The first few pages of the book are a quick guide on the anatomy and construction of socks. This is quite useful, and I think would enable even a beginner to get to grips with socks just from the information in the book. It explains toe up/toe down, different methods of knitting (DPNs, circulars, magic loop) and has a picture of the names of the different parts of a sock and how they are typically created. There are also brief notes on yarn, sizing and adapting the pattern for different types of needles/methods.

On each pattern page is the difficulty, gauge, yarn weight, suggested needles, and which yarn the socks are shown in. The patterns are divided into the different parts of the sock, and each pair has at least two photos displayed. I do find that some parts of the sock aren’t always shown in any of the photos, like the cuff or the sole, and I think sometimes it would be useful to have these shown. I haven’t knitted anywhere near all the patterns, but I found that on one, Split Reed, the stitch pattern of the heel shown doesn’t match the pattern instructions.

Edit:Ā Apparently the photo for Split Reed is correct, I just completely didn’t notice that the picture is actually the bottom of the socks, not the back of the socks!

I also found that there were no descriptions included with any of the patterns. I think, especially on the more complicated designs, an overview of the construction would have been nice. I also think that, especially on the colourwork patterns, there should be at least a note about the reduced stretchiness of a colourwork sock. For instance I made part of Mirrored Fair Isle before realising that although the size and gauge was coming out as suggested in the pattern, the reduced stretchiness (even though I was leaving the floats fairly loose) made the sock impossible to put on. There is also no guide on how to work colourwork, although pretty much any other technique required is explained very well in the back of the book.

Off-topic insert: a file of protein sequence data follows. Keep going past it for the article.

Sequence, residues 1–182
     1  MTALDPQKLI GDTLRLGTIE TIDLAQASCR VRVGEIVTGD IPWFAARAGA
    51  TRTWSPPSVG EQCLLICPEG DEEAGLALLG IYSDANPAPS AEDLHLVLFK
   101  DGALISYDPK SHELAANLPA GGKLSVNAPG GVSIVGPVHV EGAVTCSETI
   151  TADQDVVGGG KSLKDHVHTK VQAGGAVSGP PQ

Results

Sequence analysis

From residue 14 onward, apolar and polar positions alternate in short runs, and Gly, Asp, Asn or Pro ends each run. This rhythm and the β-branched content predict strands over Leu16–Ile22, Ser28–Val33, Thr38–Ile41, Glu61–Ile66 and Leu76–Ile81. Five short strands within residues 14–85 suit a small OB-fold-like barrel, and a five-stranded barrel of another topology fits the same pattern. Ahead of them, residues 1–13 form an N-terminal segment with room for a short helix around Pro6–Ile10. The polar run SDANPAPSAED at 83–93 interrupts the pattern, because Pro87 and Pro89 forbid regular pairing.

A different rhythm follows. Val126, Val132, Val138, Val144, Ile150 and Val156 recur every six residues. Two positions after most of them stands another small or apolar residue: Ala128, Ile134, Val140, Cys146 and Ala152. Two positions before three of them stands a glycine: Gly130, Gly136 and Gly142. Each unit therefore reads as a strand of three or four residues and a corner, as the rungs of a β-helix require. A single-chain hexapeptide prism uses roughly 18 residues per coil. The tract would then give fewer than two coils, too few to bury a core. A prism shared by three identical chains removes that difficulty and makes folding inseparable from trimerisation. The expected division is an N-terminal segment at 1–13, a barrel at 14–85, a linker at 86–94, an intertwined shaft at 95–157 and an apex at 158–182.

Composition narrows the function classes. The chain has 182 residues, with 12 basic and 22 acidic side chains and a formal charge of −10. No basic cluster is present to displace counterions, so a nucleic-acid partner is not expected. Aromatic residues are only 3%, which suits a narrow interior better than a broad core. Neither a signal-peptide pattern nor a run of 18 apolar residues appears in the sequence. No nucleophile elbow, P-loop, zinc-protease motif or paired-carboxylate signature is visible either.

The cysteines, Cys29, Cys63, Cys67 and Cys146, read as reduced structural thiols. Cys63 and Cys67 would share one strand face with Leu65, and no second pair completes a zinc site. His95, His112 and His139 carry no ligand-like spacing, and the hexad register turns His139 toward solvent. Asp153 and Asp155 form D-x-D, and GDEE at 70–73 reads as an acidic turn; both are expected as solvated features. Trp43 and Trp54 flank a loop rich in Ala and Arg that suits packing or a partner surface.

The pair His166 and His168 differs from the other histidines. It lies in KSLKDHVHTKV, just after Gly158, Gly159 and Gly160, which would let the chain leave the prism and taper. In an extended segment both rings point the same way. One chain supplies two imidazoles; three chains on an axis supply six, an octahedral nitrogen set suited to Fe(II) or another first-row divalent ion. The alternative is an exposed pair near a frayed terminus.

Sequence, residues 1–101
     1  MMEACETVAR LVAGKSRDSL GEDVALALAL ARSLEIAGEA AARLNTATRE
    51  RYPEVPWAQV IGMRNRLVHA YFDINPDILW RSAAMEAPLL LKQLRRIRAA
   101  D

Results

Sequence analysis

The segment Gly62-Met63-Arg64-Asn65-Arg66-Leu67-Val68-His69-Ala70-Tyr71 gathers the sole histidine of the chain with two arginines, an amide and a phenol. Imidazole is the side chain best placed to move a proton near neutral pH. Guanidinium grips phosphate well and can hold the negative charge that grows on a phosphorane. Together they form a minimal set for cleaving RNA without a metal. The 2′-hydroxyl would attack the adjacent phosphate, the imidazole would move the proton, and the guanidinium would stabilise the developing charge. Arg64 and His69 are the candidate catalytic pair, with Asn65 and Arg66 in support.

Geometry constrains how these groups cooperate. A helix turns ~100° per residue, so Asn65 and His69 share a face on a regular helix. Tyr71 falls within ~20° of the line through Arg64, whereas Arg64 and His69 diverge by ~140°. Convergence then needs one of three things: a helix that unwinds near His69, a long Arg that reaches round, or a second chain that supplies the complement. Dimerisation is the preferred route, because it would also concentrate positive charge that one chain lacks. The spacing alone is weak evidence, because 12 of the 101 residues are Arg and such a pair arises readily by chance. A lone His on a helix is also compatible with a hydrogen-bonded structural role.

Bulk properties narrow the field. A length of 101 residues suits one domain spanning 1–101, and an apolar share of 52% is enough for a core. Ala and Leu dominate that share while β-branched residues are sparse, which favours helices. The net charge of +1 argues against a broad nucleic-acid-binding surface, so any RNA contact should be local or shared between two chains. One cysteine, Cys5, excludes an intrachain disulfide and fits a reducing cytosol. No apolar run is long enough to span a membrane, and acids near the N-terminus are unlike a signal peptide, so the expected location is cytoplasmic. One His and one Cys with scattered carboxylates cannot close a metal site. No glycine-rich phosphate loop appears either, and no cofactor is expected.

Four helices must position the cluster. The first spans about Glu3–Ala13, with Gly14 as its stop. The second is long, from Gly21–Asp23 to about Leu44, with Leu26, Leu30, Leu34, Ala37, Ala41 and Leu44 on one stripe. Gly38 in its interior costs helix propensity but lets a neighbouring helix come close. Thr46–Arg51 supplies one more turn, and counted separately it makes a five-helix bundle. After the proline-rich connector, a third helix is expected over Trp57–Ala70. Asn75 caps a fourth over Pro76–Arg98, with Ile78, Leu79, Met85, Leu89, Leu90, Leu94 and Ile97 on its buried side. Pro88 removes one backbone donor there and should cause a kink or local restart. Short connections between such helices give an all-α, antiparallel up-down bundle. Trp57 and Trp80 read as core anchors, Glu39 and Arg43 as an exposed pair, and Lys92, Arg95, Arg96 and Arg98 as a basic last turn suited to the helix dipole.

At the back of Think Outside the Sox many techniques are described. These include what abbreviations mean, cast-ons, bind-offs, decreases, increases, and all sorts of other techniques. There is even a section on how to double knit in colour included in one of the patterns, so it surprises me even more that there is no mention of normal colourwork at all.

The socks themselves are generally very appealing, and the patterns well written. There are a few pairs that I would never even consider making due to their impracticality, but I’m sure some people would find them useful. I like that all of the socks are made to be worn, not just to look nice. The feel of a sock inside a shoe is taken into consideration, and although a few of the patterns would probably annoy me when worn inside a shoe, I’m sure many people would have no problem, as I just hate any type of lump or seam in a sock.

At the back of the book is a gallery of other socks that deserved a mention from the competition, but didn’t make the final cut. Unfortunately there is no pattern included for these, which is a real shame as some of them are really quite wonderful.

The one major problem with the book is errors. There aren’t a huge amount, but they certainly exist, and in some of the patterns, such as the more complicated In the Peaceful Forest, would make me think twice about making the socks. The errata can be found here.

Think Outside the Sox provides a very good way of learning many different methods and techniques of making socks. It provides appealing patterns suitable for woman, men and children. Although there are a few minor points that could have been improved, such as a description for each pattern, better photographs and less errors, I highly recommend this book for both beginners and more advanced knitters.